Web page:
This review is based on the Theophilus Redwood Medal and Award lectures, delivered to Royal Society of Chemistry meetings in the UK and Ireland in 2012, and presents a personal overview of the field of biosensors. The biosensors industry is now worth billions of United States dollars, the topic attracts the attention of national initiatives across the world and tens of thousands of papers have been published in the area. This plethora of information is condensed into a concise account of the key achievements to date. The reasons for success are examined, some of the more exciting emerging technologies are highlighted and the author speculates on the importance of biosensors as a ubiquitous technology of the future for health and the maintenance of wellbeing.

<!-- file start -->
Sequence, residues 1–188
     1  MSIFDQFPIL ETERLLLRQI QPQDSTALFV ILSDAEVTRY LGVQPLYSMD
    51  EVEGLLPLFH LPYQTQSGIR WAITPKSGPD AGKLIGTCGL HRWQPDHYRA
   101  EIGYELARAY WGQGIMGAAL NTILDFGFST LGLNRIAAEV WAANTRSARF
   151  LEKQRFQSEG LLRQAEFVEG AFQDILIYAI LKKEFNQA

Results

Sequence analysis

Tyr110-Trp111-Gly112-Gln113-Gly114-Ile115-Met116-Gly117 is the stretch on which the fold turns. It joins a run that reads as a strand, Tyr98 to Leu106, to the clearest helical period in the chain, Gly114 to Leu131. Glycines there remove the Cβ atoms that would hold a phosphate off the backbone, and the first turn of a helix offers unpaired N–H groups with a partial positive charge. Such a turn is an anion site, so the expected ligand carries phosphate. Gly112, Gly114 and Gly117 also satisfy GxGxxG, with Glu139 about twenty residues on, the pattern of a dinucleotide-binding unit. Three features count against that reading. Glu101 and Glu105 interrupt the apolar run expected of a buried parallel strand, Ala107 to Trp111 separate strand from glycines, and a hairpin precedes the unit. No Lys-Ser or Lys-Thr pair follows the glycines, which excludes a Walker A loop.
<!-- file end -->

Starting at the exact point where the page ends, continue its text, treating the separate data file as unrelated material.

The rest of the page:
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            GDSL family of serine esterases/lipases.